It’s easy to spot this “shell,” even if it exists only in your mind. It’s the habits, the assumptions, the “mental rules of thumb” you use every day. Have you ever said to yourself —

    – “This worked before, it’ll keep working”
    – “Of course this is the best way to do this”
    – “Everybody does it this way”
    – “It’s the only way”
    – “If I try that, people are gonna think…”
    – “There’s no way the solution could be THAT easy”
    – “I know this market, there just isn’t that much room to grow”
    – “There’s no way we can compete, we’re screwed!”
    – “This is the only way that works for us.”

    If any of those sound familiar, then you’ve encountered the shell. The vital tool every entrepreneur uses to get through the day… but also the barrier that blocks their vision.

    And it doesn’t have to be this way.

    You CAN re-engineer your own thinking… easily… and it won’t hurt a bit. I promise! This is NOT like those tiring, draining self-improvement courses you’ve tried. This is SIMPLE and EASY.

    All You Have To Do Is Read!

    The words have been carefully chosen to burrow their way into your brain… take advantage of innate human psychology… and reveal new possibilities to you. Often while you sleep!

    No more missing ad opportunities because you “knew” it couldn’t work.” (Only to have your competition get there first and make a killing.)

    No more feeling like you’re “trapped” or “doomed”… with this, you’ll be finding ways out of the most impossible situations. And… turning them to your advantage!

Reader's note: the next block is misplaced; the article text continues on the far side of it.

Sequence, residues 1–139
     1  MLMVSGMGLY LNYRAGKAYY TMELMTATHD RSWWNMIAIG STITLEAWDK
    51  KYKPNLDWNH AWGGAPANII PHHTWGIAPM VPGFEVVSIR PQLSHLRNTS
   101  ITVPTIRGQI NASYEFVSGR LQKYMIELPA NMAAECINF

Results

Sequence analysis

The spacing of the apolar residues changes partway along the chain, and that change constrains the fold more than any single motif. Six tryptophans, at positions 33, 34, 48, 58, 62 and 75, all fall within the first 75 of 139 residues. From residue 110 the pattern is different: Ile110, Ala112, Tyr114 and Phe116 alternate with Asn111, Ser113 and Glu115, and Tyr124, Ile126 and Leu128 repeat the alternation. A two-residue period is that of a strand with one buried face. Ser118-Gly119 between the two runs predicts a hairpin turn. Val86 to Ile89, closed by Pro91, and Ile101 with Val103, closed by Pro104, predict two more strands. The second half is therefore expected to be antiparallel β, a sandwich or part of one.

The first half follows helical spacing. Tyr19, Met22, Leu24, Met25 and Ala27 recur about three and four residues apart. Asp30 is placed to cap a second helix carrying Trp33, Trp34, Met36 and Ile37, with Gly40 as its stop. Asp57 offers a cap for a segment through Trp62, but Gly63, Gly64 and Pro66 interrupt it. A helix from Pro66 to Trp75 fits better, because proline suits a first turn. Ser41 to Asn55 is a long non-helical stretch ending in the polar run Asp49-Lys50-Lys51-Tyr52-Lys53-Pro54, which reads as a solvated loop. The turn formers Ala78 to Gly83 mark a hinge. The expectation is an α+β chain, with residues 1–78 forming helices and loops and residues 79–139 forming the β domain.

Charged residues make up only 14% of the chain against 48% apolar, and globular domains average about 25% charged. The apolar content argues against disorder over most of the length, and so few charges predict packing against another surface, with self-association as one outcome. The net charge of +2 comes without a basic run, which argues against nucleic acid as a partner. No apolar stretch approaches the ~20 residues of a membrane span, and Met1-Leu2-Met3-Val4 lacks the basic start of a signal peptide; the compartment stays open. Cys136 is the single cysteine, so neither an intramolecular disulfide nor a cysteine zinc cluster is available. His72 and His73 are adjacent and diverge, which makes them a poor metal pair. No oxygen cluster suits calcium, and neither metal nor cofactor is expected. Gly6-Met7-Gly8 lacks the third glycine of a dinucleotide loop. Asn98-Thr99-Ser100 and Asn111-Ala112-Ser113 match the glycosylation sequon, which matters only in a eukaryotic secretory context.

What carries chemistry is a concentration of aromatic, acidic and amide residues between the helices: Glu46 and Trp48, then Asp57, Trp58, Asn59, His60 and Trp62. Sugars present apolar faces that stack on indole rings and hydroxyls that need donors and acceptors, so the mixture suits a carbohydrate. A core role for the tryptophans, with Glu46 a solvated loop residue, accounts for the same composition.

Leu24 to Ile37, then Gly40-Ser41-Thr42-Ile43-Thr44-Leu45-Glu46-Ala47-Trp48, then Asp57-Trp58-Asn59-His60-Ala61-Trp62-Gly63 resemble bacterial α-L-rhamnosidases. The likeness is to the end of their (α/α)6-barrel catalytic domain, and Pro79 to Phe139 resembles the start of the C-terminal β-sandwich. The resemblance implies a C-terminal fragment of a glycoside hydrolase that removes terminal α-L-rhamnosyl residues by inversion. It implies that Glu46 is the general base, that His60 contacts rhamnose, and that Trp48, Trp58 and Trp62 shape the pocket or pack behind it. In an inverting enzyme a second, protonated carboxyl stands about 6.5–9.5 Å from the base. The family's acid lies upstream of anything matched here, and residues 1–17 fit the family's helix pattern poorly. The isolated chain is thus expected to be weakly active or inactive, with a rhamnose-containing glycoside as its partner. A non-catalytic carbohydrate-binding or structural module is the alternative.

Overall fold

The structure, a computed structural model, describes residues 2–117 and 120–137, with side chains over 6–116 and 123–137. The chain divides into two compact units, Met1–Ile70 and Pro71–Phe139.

But, don’t take my word for it. Listen to what our customers have to say —

    “I’d been selling to one market for years, and thought I’d hit the limits to growth. Then I read this report… and realized a simple positioning change would give me TEN TIMES the sales!” — Joe Schmoe, A&M Publications

    “My secretary laughed when I told her my new ideas… and my wife almost had kittens… but when the bank statements started coming in…!” –James Caples, Northern Music School

    If you saw a farmer who’d discover vast, lush land to plow… if only he’d look over a little hill… would you point it out? Because that’s what this man sees in most businesses, just because they’re trapped in that entrepreneurs’ “shell.”

    And he wants to help you BUST OUT.

    He’s taught this system to people just like you and seen them make millions within days! And he could easily charge five figures for it, if he was a regular consultant dealing with gigantic corporations.

    However… this man’s been there. He knows what it’s like to worry about making the rent. Therefore, to get this report, you pay just $xxx.

    And, because I want you to be CERTAIN you’re getting far more than your money’s worth, I#ll throw in an hour’s consultation, one-on-one. You get a technique that’s helped hundreds of entrepreneurs… and made many of them into millionaires… plus personal coaching from one of the “marketing legends” of our time.

    But wait, let me make it even better. This is a zero risk offer. You’ll have 120 days to review the report, and if for any reason you don’t like it… just click one button and you’ll get an automatic, instant, no-questions-asked refund!

    So don’t delay. Click the button below. You’ll be asked for your credit card number, and within seconds you’ll be reading the report that may change everything you thought you knew about your business. (My assistant will follow up with you to schedule the consultation.)